|“Do not love the world or anything in the world.”|
|—1 John 2:15a|
When I was a small boy, while we were not dirt poor, we did live in very modest circumstances. My father worked as a salesman for a hotel and restaurant supply business. He earned his pay on commission and, as anyone who has ever worked on commission knows, some weeks you might make out okay, while other weeks you would barely make “your draw.”
I never realized how little we had until in the summer after third grade one of my classmates invited me to swim with his family at the Valley Hunt Club. I had never seen such “wealth.” I asked my dad why we couldn’t join the Club and he could hardly contain his laughter.
Every November the Sears Christmas catalog would arrive in the mail. I would pour over the wonders contained on that slick, glossy paper. I did so knowing that I would very likely be unable to have even one of those gifts.
One year, I saw a motorized car with a spaceman sitting on top. You could tip his helmet forward and program some switches that would determine the route the car would drive. I knew it was expensive. I knew there was little chance my parents could ever afford such a luxury. Nevertheless, rather sheepishly, I circled the picture and, without saying anything to them about my wish, I secretly hoped that somehow it would appear under the tree. I then promptly put it out of my mind. You see, I had learned not to wish too hard for something.
On Christmas morning, to my utter and great surprise, there was the motorized car in a big box. I eagerly unpacked it, but immediately discovered a major problem. Our house was so small that there was no space large enough to actually operate the vehicle.
Our living room and dining room were tiny and filled with a few pieces of furniture that occupied most of the tiny space. So, on Christmas Day, I could not actually use the toy I had wanted so much. I felt dismayed and very, very ashamed that I had asked for something that was actually quite useless in my circumstances.
Night came and I took the car up to my bedroom, crawled into bed, and hauled the car in with me. It was about 14 inches long, seven inches wide, and ten inches tall. So, it was hardly an appropriate item for a bed. And, it wasn’t at all cuddly like a teddy bear or other stuffed animal might be.
When my mom saw I had taken the car with me to bed, she said, “Dean, that car is too big. You can’t possibly sleep with that.”
I replied, “But, I love it!”
“You can’t ‘love’ a car,” she replied. But, seeing that I wasn’t going to give in, she allowed the car to stay.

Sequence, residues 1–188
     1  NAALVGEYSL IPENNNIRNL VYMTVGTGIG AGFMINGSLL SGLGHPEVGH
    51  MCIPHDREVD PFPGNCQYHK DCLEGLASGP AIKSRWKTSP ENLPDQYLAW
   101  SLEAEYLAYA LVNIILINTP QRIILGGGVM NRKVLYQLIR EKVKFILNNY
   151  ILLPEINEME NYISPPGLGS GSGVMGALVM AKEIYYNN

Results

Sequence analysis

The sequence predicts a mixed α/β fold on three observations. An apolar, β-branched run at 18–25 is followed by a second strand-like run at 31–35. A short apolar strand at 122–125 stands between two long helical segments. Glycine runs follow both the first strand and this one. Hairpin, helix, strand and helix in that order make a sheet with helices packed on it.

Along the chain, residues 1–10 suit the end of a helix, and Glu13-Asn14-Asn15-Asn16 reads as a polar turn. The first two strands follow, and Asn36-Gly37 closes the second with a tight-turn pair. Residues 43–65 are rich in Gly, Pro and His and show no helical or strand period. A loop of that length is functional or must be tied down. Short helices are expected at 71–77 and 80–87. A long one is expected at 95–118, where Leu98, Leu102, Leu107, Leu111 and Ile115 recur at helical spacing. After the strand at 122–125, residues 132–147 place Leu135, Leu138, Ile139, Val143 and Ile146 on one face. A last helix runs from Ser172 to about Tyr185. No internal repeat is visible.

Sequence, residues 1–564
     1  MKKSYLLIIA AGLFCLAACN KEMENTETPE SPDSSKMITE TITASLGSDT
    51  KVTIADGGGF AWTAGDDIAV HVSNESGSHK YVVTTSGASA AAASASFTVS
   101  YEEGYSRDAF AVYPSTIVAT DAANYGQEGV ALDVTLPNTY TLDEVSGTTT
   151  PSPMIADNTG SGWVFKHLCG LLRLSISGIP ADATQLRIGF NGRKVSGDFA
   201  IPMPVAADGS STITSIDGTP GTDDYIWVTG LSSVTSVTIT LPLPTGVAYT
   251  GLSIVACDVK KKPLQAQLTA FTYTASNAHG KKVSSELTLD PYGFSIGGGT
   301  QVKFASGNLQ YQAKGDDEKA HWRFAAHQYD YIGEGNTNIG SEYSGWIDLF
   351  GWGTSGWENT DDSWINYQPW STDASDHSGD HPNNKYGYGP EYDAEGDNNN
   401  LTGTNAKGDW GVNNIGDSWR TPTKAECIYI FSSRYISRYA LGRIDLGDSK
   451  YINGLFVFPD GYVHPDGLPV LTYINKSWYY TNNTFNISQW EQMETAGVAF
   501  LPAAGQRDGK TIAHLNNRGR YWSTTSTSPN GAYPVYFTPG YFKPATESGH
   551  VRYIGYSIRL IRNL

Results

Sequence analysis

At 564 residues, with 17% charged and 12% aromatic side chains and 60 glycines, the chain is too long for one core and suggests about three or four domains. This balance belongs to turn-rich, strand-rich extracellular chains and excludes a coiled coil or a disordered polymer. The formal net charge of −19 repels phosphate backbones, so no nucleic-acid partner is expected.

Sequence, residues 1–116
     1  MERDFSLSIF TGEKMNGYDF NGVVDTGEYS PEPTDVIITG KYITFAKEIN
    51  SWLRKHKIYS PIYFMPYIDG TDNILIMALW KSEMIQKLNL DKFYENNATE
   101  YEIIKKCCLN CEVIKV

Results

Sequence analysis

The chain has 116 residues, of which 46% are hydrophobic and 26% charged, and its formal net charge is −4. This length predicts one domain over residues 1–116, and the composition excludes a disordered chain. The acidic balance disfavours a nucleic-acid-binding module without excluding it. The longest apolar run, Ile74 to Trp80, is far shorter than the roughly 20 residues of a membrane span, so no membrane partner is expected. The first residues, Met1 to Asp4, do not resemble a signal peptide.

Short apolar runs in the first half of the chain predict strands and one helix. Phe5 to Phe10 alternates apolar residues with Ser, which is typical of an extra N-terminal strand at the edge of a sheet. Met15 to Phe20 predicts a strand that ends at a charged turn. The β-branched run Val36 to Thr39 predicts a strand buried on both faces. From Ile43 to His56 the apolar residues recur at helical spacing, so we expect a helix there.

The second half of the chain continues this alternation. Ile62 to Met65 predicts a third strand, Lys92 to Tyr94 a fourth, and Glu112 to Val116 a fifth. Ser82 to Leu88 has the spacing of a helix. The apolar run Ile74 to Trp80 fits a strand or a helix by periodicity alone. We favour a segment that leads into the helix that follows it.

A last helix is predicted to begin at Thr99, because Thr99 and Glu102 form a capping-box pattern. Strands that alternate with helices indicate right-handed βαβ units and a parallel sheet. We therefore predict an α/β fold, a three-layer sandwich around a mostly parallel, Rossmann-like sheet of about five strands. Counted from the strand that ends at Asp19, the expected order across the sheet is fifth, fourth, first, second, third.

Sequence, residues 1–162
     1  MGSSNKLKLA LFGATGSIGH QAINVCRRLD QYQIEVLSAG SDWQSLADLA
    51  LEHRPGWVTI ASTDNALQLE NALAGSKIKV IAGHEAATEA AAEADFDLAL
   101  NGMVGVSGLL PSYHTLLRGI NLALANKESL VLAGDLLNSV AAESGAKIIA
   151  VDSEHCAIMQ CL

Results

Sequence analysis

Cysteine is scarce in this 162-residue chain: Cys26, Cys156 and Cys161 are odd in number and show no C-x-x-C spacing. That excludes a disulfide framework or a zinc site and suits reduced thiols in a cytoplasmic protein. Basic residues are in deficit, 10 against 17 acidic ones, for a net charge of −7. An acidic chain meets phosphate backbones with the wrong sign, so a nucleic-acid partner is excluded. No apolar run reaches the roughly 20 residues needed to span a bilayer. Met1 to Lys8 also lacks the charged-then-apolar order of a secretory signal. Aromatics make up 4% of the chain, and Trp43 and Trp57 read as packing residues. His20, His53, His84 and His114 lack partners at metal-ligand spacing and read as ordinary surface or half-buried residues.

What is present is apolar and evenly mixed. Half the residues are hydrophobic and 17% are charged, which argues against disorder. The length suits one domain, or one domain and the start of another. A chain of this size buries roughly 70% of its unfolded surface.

I tried to cuddle with the car, but it had sharp edges that poked me in the chest. I tried to lay the car on its side, so I could at least look at the man who sat on top of the car, but it was counter balanced so that it really didn’t want to stay on its side. I finally fell asleep and spent a bit of a restless night. Every time I would turn over, the car would bump into me and wake me from my sleep.
Let’s fast forward 63 years and return to the present.
Think about some “thing” in your life that you love. Would you want to cuddle with it as you fall asleep? Would you sell everything you had to buy the object of your affection? Would you devote yourself—all your time and all your money—to keeping that thing you love in the best possible condition, all the days of your life?
The Apostle John wrote these words, as recorded in 1 John 2:15-16:
Do not love the world or anything in the world. If anyone loves the world, love for the Father is not in them. For everything in the world—the lust of the flesh, the lust of the eyes, and the pride of life—comes not from the Father but from the world.
I’ve written in this blog several times about the elegance of the New Testament Greek language that very conveniently has four words for “love” instead of our single English word. None of those four words apply to “things.” They all, every one of them, apply to people and relationships. Perhaps the Greeks in ancient times, at least in some ways, were much smarter than we are today.
The greatest commandment is to love the Lord your God with all your heart, soul, mind, and strength, and to love your neighbor in the same way that you love yourself. (Mark 12:30-31)
As we begin another day of life, let us keep in mind that our love needs to be channeled first toward God and secondly toward those who cross the pathway of our lives.
We have every reason to love God because He first loved us. We have every reason to love those who cross the pathway of our lives because God has instructed us to do so.
Need I say more?